The author of this book, a Romanian born in Greek territory, went to Romania for his university education and there became a member of the anti-Communist organization that flourished in that nation before and during the tragic and fratricidal Second World War. After the Bolshevik conquest of Romania, the Soviets, undoubtedly on orders from their masters, maintained a pretence that their occupation was merely temporary and further disguised their purposes by keeping on the throne as King of Romania the legitimate heir, a young man who was merely a puppet in their hands, but served to give to the people an illusive hope that Romania, though devastated and impoverished, might again become a free nation. In this hope, of course, the Romanians (like many other captive peoples) were encouraged by the governments of the Western nations that had won the military victory. Those governments, especially in the United States, maintained a pretence that they were not the servants of the Bolsheviks' masters, and, whenever they deemed it expedient to administer a little verbal paregoric to their own population, manufactured oratory about "defending the Free World" and "containing Communism. " Americans, who were so charmed by those phrases that they did not notice what their own government was doing, cannot blame the Romanians (or the others) for having supposed that the official verbiage was an indication of national policy.
During the early years of Soviet occupation, therefore, the Romanian people entertained delusive hopes of eventual liberation, and the author of this book accordingly remained in Romania, his true fatherland. When he was at last arrested and imprisoned on suspicion of holding opinions inimical to Bolshevism, he, luckily, suffered only the excruciating tortures and hardships that are normal in what is called a Great Society. During his imprisonment, however, he had by chance an opportunity to learn of an experiment conducted on a select group of young men, and he had the acumen and patience to discover precisely what that experiment was. In this book he discloses for the first time the facts about a practice of which the peoples of the West still know nothing.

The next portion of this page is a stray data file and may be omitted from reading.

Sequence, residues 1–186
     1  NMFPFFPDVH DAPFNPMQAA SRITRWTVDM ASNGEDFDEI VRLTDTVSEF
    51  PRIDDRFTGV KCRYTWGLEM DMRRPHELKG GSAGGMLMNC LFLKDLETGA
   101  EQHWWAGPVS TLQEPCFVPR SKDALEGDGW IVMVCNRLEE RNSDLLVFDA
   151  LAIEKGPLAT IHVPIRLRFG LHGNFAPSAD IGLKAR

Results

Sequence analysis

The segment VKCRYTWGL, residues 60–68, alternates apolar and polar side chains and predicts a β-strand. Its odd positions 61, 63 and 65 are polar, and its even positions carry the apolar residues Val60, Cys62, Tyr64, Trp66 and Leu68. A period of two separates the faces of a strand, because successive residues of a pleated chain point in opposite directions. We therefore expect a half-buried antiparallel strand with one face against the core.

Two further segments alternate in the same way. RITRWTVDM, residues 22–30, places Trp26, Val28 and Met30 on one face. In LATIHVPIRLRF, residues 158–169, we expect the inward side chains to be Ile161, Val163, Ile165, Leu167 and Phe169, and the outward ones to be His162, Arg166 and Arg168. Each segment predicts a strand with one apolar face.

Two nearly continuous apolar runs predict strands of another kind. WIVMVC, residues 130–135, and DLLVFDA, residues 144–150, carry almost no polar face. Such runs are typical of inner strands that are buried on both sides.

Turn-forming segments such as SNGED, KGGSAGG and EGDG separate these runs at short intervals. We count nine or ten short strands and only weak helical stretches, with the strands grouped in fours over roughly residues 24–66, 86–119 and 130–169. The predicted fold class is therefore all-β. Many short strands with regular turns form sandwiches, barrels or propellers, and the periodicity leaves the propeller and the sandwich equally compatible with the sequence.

Bacu speaks only of what he knows -- of what he witnessed with his own eyes and learned from the lips of men who had, despite themselves, been stripped of their humanity by an infallible scientific technique. His subject, therefore, is what the Bolsheviks secretly did to human beings in the prison at Pitesti from 1949, when the experiment began, to 1951, when it seems to have been temporarily discontinued for some reason unknown.
What is described in these pages is not, however, an isolated event. Everyone who has had experience in military intelligence dealing with the Bolsheviks, or who has made a close study of information that is available from little known but authentic sources, will recognize in Bacu's pages a detailed description of a technique that
the implacable enemies of mankind have used in many lands -- perhaps in all countries that are officially Communist -- for many years.